Forty bucks for a Watermelon

You may be shocked to discover that a medium seedless watermelon in Tokyo can cost up to $40.00 USD.

It doesn’t stop there, how about $10 USD for an ounce of blueberries, or $10 for a cantaloupe?

Surprisingly this is common place in the land of the Rising sun. The reason is that Japan grows very little of its own produce and has the majority of it imported, hence the terrible over-pricing.

This is rather baffling as just across the pond in China you can buy the same watermelon for $2.00 USD. This writer is not convinced that the cost of importing fruit from China to Japan could result in such outrageous pricing.

Fruit is so expensive that it is in fact considered a luxury item, something you give to someone to show great gratitude or thankfulness. Or if you really want to treat someone you’ll get them some fresh fruit.

The most expensive fruit in Tokyo by weight would be Blueberries & Raspberries, followed by watermelon. Strangely, bananas cost about the same as they do in the USA.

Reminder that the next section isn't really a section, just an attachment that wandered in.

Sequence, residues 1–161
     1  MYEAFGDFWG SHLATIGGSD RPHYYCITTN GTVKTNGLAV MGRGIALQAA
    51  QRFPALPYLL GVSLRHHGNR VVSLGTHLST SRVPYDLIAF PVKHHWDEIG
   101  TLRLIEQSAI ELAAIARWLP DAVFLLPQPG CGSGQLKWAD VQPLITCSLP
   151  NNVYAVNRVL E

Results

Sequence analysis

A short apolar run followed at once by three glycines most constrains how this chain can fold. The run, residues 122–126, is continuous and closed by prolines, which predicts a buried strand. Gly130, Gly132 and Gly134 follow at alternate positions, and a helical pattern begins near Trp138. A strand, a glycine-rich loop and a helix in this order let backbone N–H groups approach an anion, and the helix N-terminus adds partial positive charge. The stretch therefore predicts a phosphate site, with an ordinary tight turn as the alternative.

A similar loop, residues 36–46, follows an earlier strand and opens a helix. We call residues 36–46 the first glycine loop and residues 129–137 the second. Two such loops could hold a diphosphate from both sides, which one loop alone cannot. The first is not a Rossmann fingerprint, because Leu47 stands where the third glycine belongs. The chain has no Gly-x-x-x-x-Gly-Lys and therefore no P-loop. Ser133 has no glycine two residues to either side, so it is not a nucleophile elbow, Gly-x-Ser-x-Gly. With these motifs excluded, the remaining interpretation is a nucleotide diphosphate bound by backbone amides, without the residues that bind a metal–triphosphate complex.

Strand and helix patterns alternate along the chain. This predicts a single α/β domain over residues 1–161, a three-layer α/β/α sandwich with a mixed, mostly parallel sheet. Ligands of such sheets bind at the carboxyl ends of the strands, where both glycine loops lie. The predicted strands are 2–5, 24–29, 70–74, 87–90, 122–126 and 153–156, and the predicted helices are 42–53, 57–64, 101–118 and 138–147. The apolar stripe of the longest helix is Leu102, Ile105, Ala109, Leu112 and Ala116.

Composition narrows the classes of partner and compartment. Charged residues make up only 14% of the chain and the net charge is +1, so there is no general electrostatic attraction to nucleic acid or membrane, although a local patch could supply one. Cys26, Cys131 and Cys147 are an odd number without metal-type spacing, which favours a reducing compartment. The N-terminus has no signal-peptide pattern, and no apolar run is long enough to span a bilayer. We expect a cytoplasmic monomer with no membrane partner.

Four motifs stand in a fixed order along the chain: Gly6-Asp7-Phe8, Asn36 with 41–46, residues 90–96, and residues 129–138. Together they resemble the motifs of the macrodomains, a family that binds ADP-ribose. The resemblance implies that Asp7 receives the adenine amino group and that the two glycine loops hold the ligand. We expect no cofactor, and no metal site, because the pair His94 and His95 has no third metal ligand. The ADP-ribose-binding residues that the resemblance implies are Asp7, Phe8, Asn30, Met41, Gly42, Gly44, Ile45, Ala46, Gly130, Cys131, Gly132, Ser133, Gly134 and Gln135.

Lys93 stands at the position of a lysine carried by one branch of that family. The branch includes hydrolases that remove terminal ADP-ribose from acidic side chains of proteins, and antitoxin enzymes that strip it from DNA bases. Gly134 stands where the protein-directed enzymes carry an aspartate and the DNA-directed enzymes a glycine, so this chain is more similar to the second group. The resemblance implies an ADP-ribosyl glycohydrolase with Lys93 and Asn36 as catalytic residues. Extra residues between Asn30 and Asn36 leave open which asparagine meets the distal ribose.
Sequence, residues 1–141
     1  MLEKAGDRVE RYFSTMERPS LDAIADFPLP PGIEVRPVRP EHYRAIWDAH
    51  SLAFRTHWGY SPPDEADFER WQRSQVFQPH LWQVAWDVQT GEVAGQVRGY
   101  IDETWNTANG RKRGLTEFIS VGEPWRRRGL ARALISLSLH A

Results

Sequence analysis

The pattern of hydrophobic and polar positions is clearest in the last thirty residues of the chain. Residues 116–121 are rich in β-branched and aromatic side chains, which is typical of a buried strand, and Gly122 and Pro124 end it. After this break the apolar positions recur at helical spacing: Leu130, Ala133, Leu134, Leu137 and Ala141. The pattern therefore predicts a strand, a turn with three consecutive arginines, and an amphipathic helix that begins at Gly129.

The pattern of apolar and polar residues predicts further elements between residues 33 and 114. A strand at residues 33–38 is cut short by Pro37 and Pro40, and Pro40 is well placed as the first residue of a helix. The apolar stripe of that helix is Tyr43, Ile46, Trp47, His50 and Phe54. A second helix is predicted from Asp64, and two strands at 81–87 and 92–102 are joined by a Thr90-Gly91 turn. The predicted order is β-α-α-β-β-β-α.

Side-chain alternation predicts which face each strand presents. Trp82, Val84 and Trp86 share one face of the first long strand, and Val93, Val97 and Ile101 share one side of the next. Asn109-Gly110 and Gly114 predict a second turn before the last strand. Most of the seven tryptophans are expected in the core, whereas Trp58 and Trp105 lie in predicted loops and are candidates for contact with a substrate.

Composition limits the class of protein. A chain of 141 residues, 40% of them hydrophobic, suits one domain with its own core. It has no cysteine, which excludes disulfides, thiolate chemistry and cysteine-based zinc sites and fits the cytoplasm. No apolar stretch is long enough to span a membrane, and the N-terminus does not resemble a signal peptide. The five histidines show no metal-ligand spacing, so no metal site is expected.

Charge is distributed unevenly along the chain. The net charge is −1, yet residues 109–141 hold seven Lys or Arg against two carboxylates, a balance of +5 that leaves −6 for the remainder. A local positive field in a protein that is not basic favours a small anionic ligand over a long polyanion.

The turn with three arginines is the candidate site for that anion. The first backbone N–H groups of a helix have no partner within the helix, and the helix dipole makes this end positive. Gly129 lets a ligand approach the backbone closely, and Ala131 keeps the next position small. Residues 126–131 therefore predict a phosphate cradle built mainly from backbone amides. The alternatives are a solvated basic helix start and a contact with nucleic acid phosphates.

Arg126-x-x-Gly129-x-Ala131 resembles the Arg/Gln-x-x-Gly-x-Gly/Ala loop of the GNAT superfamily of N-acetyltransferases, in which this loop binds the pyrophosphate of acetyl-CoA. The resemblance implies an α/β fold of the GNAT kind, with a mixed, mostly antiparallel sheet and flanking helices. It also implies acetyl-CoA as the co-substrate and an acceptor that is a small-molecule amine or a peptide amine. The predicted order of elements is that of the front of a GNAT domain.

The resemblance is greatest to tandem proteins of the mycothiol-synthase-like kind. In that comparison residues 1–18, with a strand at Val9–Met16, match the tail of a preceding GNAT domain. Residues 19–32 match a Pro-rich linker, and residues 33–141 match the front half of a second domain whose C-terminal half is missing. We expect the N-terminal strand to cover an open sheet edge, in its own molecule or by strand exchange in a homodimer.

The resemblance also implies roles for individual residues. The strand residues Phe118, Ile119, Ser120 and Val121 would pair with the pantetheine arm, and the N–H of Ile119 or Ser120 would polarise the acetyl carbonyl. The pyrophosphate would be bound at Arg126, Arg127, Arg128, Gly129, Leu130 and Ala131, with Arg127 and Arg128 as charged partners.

Even Worse

Even more shocking are the rare Densuke watermelon grown in Hokkaido; which can cost in upwards of $300 USD. Only about 10,000 are grown a year and you can only find them in Hokkaido (Japan’s northern most island) The Densuke melon’s rind is completely black and its flesh bright red.

No matter how rare and scarce, how could one possibly pay such a price for a watermelon!?

Let’s be honest, how different could the taste possible be?

Consumers say that the melon has a unique crisp, flavour and sweetness.

This writer is not so easily convinced, there is only one way to find out, and that is to lay the money on the table and find out first hand.

For those who’d like us to review first hand a Densuke Melon please feel free to donate to help pay for the ridiculous price tag.

The Tops

Can it get any more absurd? Yes it certainly can, if you thought $300 for a watermelon was exorbitant, how about $70,000 USD?

Keep in mind of course that this is only paid for the ‘first melon of the season’ as a promotional gesture and to support the industry.


Clearly the economy can’t be too bad as long as there is a market for $300 melons.


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